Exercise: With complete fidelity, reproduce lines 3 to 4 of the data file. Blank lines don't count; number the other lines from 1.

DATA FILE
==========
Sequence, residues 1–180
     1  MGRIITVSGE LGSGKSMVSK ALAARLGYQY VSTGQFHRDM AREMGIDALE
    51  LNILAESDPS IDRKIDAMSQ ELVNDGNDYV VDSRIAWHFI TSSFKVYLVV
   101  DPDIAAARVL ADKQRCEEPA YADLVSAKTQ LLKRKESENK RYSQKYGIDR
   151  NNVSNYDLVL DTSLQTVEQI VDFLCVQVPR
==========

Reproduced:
    51  LNILAESDPS IDRKIDAMSQ ELVNDGNDYV VDSRIAWHFI TSSFKVYLVV
   101  DPDIAAARVL ADKQRCEEPA YADLVSAKTQ LLKRKESENK RYSQKYGIDR